More Dinner Talk - tradition turning to habit!

Our dinner conversation on Monday night wasn’t our usual, “go around the room and ask how your day was,” type of discussion. Instead we talked about Martin Luther King and racism.

Not only did we have our whole family at the table, we had extra kids, with it being a holiday. Their faces came alive during our discussion, as we talked about how King was stabbed in the chest in NYC during a book signing. And how the surgeon, with a burst of inspiration, made the incision over King’s heart in the shape of a cross! The doctor had to remove one of King’s ribs, and part of his breastbone, to get the knife free!

We talked about how King and his wife tried to enroll their children in a white school, and a mob beat him with chains and brass knuckles and stabbed his wife in the hip!

Martin Luther King said, “Segregation is a tragic evil that is unchristian.”

This set us off in a new direction as well! What did he mean – “unchristian?”

Yes, the dining room was full of energetic and passionate discussion on Monday night! One of the girls (new at the Coughlin table) even turned to Paul and said, Our family doesn’t do this! I wish we did!”

I’m thankful for the legacy of Martin Luther King. And I’m also thankful for the legacy that Paul and I are leaving in our own little home. The legacy of great dinner conversation, and the habit that it has become - even with new friends around that table.

I’m wondering what kinds of discussions were taking place around other dinner tables on Monday Night?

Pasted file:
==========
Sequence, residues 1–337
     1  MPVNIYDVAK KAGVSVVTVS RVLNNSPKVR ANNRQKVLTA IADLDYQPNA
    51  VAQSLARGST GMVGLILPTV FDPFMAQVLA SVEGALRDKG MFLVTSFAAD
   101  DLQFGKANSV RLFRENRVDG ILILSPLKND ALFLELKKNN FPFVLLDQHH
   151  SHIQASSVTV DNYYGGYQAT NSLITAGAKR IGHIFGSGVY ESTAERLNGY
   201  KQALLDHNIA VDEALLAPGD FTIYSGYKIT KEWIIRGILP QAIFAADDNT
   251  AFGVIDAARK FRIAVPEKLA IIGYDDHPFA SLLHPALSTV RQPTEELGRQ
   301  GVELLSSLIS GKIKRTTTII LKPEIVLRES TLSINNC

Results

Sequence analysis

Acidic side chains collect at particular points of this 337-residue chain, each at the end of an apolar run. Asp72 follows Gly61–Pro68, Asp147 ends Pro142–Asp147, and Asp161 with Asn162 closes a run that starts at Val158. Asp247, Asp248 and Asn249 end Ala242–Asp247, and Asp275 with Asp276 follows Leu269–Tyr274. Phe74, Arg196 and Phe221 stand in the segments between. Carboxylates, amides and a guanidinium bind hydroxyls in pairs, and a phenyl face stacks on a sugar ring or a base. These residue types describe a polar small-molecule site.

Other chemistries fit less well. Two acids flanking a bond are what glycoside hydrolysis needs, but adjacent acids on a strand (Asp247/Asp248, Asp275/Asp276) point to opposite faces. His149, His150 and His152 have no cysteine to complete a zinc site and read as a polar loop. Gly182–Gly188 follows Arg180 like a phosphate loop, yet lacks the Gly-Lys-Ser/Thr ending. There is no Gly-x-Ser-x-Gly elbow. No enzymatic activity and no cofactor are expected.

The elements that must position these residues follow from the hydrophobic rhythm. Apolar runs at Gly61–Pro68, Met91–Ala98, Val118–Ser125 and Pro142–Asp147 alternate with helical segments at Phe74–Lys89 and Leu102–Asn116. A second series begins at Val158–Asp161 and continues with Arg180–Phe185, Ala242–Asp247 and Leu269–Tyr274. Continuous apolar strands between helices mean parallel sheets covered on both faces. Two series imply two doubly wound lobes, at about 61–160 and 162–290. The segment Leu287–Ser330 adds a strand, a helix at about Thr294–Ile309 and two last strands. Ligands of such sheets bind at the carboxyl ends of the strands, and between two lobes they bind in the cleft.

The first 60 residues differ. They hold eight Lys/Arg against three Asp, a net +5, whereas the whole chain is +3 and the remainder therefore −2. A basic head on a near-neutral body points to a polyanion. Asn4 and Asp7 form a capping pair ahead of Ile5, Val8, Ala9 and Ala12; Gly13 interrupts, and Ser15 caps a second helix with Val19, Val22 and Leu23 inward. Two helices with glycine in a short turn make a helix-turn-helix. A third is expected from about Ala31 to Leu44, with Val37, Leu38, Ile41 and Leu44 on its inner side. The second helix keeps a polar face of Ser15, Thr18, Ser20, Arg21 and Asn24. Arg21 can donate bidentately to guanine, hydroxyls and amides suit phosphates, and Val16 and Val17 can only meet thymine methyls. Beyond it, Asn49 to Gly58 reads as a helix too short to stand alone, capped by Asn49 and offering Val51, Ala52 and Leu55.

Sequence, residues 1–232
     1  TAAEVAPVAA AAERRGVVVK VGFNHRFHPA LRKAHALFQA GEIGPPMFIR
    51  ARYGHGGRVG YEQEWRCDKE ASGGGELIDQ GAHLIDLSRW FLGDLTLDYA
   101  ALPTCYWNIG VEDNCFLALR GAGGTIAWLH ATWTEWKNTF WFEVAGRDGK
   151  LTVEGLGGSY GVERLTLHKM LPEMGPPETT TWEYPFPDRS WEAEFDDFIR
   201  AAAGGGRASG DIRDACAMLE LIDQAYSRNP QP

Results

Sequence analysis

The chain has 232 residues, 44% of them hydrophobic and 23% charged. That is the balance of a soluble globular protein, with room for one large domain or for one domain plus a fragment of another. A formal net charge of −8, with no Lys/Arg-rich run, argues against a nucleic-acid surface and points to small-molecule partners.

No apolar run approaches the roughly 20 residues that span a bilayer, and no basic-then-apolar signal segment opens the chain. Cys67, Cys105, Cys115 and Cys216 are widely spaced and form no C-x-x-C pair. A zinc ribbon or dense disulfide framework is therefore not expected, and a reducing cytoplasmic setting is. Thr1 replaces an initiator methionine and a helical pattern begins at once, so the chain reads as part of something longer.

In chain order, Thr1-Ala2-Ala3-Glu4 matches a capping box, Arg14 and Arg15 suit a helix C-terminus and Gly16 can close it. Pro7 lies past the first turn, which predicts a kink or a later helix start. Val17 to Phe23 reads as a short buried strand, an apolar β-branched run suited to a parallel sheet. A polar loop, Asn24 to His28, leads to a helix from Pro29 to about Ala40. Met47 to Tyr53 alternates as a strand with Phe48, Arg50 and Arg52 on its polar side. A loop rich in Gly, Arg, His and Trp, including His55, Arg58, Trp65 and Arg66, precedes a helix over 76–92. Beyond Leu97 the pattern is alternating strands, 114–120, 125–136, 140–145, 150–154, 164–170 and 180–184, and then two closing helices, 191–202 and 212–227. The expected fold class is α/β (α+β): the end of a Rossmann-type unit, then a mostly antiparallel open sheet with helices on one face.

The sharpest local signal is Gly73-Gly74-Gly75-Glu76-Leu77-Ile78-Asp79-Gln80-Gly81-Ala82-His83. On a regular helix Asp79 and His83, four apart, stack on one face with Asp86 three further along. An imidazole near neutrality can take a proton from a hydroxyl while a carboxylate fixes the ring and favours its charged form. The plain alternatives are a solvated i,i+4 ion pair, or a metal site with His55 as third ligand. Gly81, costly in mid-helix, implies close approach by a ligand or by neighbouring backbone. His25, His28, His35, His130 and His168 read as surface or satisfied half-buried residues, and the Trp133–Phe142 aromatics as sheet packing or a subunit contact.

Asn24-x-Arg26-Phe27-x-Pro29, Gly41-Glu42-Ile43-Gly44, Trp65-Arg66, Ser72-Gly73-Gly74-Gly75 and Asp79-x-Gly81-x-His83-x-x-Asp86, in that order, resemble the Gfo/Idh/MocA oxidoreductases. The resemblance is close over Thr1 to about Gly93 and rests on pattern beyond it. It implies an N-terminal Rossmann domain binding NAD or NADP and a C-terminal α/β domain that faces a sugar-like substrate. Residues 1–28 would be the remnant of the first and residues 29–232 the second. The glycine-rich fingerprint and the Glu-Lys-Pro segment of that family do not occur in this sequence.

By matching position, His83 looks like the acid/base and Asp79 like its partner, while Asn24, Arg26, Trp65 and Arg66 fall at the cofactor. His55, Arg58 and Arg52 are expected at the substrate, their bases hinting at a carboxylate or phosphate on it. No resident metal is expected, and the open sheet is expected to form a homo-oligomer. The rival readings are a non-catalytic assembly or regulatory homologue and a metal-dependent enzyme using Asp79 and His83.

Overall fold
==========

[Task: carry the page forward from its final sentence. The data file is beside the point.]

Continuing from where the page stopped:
(For an interesting post on how we (parents) are our "Own Biographers," you can read about it here. Or about "The Table," here. Or "Teen Talk," here.)


momrn2 said...

Monday night our conversation was not as energy packed and lively as yours sounds. I can't even remember the actual discussion right off.

However, I do know we had dinner together and talked... and for that I am grateful and blessed!

tearjerker said...

My children are still quite small, so discussions like these are still quite over their heads. Having a background in History (trained to be a history teacher, in fact, just not teaching at the present moment), reading this makes me crave discussions like these.

Dawn said...

This was interesting- I did not know about King's wife being stabbed also. Your children are so blessed to have these kinds of conversations with their parents at the dinner table.

Jen said...

Sometimes we will take conversation starters and put them in a bowl and let the kids pick one or two and discuss. Miller is only 2 but somehow he gets involved and I'm with you on the dinner and conversation,...your kids will always remember it and be grateful to you for it.

Michele said...

We have a special box of Conversation Starters based around values such as respect, honesty, faith, commitment, etc (from Once Upon a Family)...Each night one person picks the question and starts the discussion. It is great to see the depth of thinking at our table even from our 7 year old. We include whatever guests we have in the discussion as well. Great job at your home, Sandy! Keep up the great discussions:)

Christine said...

I look forward to the days when we can have more intelligent conversation than, "Elliot, stop banging your fork on the table!"


I'd love to sit at your table too! What a wonderful place to be!

Nunnie's Attic said...

We don't normally discuss current (or past)events at the dinner table. How sad is that? I just realized our dinner conversations are mostly about what every one did that day. Thanks for the inspiration.


linda t said...

Waaay cool Sandy!
You truly inspire us all to be more intentional around our dinner tables and I am forever grateful!

Kirstin said...

This is one thing that we have "lacked" in. Especially right now that we don't really have a table to eat around (living in someone elses house and the table is always full of stuff)...but something I really want to implement. I love your ideas!

Tara said...

Sounds like some wonderful dinner conversation. It's amazing how just a small amount of effort to break out of "the norm" can yield such interesting and memorable results. I know I'm feeling inspired. Thanks!